amplify_logo_light_a97ed79f8c.svg

Welcome to the Knowledge Center

FAQ

Myths Busted

Blog

Amplify_BlogPostHeaders81.jpg

Apr 8, 20225 min

What Is Personal Liability Coverage?

Short answer: it's coverage you should have, for the long answer, see inside.

There are many different insurance types available, but personal liability coverage can be particularly helpful. It covers you if you're involved in an accident–in or out of your home–that leads to injury or property damage brought on by yourself or household family members. In this guide, we've got the lowdown on personal liability coverage so you can make an informed decision about whether it's the right insurance option for you.

Personal liability coverage definition

Sometimes referred to as "comprehensive personal liability (CPL) insurance," personal liability coverage forms part of homeowners insurance or an umbrella policy (more on that in a bit). It's designed to protect you and members of your household from claims that result in injuries or damage to other people or their property.

When used, it prevents you from being solely and legally responsible and means you won’t have to pay large sums of your own money to cover the damage to a third party. Essentially, it’s all about financial protection and ensuring you aren’t left out of pocket if you’re liable for injury to another person or damage to their belongings.

To illustrate, your children might be playing soccer in the garden, and one of them kicks the ball into the neighbors' yard, smashing the greenhouse in the process. In this scenario, your personal liability coverage would come into effect so that you don't have to pay for the damages.

The majority of homeowners insurance policies offer a minimum of $100,000 in personal liability coverage. This means the insurance company can pay up to that amount in total if need be. Higher limits may be available if you think they’re necessary.

Understanding your personal liability coverage

Personal liability coverage essentially covers mishaps to other people caused by yourself. There are several ways you can obtain personal liability coverage:

  • Purchasing it as a stand-alone policy (this is popular with people who don’t own or rent property)
  • Added to an existing policy, such as a personal auto or watercraft policy
  • As part of a homeowners insurance policy or renters’ insurance – when purchased like this, it’s not just limited to the insured premise and covers incidents that happen elsewhere.

What does personal liability insurance cover?

With personal liability coverage under your basic homeowner's insurance or renters insurance, you can expect to be covered under the following:

  • Lawsuits faced as a result of an accident
  • Property damage that occurs as a result of your negligence
  • Bodily injury to another person
  • Bodily injury or property damage caused by your pets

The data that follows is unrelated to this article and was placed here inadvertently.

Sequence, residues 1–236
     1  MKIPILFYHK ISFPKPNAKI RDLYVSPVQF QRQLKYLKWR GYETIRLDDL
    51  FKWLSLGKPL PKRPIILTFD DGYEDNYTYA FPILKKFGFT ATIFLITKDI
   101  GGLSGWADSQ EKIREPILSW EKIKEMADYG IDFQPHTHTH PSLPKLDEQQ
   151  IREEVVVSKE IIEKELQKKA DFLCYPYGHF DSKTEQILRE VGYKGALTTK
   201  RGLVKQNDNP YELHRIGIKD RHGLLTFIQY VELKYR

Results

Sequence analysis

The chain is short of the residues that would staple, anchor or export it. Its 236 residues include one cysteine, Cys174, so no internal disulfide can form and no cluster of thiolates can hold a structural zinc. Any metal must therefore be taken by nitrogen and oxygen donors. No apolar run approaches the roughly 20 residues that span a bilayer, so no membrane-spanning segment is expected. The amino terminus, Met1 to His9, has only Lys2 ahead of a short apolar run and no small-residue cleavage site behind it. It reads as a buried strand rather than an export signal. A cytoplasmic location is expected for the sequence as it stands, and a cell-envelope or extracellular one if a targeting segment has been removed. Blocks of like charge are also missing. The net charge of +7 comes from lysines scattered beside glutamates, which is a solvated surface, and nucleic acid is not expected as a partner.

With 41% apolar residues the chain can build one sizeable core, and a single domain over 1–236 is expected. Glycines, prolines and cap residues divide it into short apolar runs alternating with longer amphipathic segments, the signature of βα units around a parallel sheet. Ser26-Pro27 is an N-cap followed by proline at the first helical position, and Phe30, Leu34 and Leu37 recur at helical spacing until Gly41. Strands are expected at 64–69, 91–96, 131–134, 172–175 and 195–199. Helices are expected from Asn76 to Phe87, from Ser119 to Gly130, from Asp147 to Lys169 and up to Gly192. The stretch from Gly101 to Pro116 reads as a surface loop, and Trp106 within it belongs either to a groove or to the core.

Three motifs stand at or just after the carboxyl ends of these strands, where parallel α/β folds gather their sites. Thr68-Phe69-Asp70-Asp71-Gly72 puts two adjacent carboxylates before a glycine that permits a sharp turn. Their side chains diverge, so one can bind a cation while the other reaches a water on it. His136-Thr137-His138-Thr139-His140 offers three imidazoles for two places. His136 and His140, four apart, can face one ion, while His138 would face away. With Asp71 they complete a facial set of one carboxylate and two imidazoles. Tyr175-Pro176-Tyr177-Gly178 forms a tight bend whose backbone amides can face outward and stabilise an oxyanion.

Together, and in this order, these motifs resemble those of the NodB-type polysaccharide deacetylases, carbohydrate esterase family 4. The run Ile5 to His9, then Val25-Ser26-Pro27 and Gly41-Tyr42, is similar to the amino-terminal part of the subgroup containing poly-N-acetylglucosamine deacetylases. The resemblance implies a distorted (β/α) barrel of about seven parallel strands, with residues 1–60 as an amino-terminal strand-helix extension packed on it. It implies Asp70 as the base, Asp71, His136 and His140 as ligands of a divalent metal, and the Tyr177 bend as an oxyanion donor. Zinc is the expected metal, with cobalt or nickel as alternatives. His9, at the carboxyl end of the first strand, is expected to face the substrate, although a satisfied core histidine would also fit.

• Medical bills resulting from a visitor’s injury at your home

The role of medical payments

Medical payments for others are usually included in your personal liability coverage. A policy provides for the payment of medical expenses for anyone accidentally injured on your property, regardless of if you were legally responsible. Medical payments coverage typically starts at $1,000 per person, with higher amounts available depending on the type of coverage you choose.

Getting umbrella liability insurance

If you find that your policy's liability isn't sufficient, you can opt for additional coverage, such as personal umbrella liability insurance. This provides additional personal liability protection and helps cover costs associated with serious injury in an auto accident or accident on your property that exceeds liability coverage limits.

What is not covered by personal liability insurance?

Personal liability coverage protects you from many potential scenarios, but there might be some claims that aren’t included in the policy. These include:

  • Basic cover is unlikely to protect you for liability involving an automobile accident
  • Injuries or damages sustained by you or family members in your home
  • Business activities or claims related to your profession
  • Intentional bodily injury or property damage caused by you or a member of your family in your home

You’re not covered for injury (or worse) to yourself. You would need to take out life insurance to protect you and your family against serious injury or even death.

Other liability coverage exclusions

Homeowners, renters, or condo policies don't cover every situation of bodily injury or property damage where you or a covered member of the household may be legally responsible. Expect to find some exclusions and exceptions.

Before agreeing to a policy, review it thoroughly to understand the elements included and excluded. If you're unsure about anything, don't be afraid to flag it up, so you have complete clarity before crossing t's and dotting the i's on the policy.

In conclusion: personal protections

Personal liability coverage comes in handy and can be the difference between peace of mind if you're at fault for other mishaps and find yourself having to pay significant sums from your own pocket. As it typically comes with homeowner's and renters' insurance, you benefit from it as part of a broader policy. Therefore, you can rest assured knowing that you and your family are covered if accidents or damage are caused to other people and their belongings.